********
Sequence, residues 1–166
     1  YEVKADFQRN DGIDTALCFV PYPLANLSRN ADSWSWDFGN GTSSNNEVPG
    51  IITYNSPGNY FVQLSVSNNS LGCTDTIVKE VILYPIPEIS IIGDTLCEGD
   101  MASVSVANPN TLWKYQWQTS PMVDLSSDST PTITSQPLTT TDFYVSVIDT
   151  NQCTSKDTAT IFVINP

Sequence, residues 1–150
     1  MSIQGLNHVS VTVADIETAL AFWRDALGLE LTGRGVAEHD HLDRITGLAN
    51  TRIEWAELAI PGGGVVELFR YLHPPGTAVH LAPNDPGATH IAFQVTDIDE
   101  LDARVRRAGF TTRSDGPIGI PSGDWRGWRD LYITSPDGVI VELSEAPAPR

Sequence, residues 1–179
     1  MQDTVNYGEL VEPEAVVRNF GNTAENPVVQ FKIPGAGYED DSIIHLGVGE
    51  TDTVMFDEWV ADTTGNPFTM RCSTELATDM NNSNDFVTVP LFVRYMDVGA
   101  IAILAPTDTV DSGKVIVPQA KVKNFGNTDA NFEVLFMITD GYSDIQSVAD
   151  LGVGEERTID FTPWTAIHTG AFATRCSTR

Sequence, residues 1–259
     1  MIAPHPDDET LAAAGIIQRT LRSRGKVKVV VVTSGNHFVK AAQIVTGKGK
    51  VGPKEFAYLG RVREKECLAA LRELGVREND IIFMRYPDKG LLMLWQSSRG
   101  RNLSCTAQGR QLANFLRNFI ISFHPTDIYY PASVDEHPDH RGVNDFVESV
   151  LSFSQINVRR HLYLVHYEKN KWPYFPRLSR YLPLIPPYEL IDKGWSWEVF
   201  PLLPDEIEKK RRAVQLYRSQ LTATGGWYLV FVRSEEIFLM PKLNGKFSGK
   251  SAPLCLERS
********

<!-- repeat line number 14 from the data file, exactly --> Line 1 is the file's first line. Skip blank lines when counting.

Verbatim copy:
   151  LGVGEERTID FTPWTAIHTG AFATRCSTR